Help your Prostate Help You
(This post contains an Amazon Affiliate Link to the Book Reviewed)
By knowing about the cognitive biases that rule our decision-making process, we can safeguard against negative outcomes and give our future selves a desirable way of life.
There is no better place to learn about these shortcuts and heuristics than in Daniel Kahneman’s mega bestseller: Thinking, Fast and Slow in which the Nobel Prize Laureate explores the link between the two systems that impact our thought process in a tour-de-force of modern behavioural science.
Below is a summary of the peak–end rule in one of my favourite studies. Its insights have guided countless of my decisions since learning it.
The peak–end rule
The peak–end rule dictates that an event is not judged by the entirety of an experience, but by representative moments (or snapshots). The memory of these snapshots define the perceived value of an experience. The idea is that these snapshots are actually the average of the most intense moment of an experience and the final moment of the experience. The peak–end rule applies only when an experience has a definite beginning and end.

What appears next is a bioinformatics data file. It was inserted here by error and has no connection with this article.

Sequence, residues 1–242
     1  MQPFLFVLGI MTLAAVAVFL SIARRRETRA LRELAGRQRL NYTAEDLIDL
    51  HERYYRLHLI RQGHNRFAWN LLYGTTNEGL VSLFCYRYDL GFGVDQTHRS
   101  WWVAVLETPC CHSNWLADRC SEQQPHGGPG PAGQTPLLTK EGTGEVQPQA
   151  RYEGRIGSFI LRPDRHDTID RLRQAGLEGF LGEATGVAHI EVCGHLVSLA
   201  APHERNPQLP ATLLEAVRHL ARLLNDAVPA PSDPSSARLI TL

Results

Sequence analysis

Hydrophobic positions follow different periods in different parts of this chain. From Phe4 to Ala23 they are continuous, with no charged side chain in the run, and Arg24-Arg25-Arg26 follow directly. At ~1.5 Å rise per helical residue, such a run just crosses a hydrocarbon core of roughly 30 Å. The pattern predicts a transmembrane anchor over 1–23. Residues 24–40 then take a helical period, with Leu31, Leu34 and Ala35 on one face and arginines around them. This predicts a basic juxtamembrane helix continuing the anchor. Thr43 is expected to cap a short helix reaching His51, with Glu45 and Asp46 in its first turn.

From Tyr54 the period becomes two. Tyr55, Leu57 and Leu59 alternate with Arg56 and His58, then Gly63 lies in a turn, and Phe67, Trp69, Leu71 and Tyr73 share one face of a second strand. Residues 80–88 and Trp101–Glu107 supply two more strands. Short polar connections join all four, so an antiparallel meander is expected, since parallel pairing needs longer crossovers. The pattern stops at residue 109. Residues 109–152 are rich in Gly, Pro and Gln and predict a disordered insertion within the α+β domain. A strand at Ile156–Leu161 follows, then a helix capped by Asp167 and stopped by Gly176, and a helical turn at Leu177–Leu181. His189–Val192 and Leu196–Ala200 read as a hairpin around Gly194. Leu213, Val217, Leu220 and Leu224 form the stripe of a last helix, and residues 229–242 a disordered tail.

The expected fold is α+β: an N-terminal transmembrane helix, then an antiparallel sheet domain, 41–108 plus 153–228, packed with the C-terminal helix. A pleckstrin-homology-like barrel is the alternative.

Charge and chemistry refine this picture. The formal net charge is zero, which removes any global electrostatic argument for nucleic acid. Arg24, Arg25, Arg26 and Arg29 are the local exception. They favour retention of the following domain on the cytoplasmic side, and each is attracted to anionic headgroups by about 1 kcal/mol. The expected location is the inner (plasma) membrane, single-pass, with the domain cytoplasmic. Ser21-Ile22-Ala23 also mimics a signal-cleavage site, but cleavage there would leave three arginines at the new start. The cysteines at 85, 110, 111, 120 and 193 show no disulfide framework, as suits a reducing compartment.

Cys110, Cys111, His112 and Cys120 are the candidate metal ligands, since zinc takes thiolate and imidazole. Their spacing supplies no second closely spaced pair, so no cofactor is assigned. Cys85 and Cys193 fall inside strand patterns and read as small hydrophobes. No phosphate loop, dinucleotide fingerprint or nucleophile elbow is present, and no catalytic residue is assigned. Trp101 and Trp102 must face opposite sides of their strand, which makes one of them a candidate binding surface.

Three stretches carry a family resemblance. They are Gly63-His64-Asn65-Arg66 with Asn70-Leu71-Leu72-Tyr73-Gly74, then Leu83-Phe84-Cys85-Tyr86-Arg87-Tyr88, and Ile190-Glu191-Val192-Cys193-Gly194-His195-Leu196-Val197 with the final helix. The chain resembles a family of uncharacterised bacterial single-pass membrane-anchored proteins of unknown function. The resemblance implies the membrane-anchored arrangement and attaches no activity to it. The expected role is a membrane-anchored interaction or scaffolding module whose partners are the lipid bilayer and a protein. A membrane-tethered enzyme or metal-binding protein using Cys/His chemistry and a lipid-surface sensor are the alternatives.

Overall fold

“Patients’ memories of painful medical treatments: real-time and retrospective evaluations of two minimally invasive procedures” Redelmeier, Donald A; Kahneman, Daniel (1996)
The study assessed patients’ impressions of pain going through a colonoscopy or lithotripsy and took note of what level of discomfort they felt in real time as well as their remembered experience after. They found that patients tended to evaluate their level of discomfort based on the intensity of pain at the worst (peak) and final moments. This occurred regardless of length or variation in intensity of pain within the procedure.
Meaning that when the procedure lasted longer (by keeping the apparatus in longer after the peak) the patients would have a better memory of the event and would be more likely to book another appointment the following year.
What does that mean for me?
You can apply these findings in your daily life by making the final moment of an experience more pleasant and/or making the worst moment less worse. It’s a deceptively simple tactic that works wonders.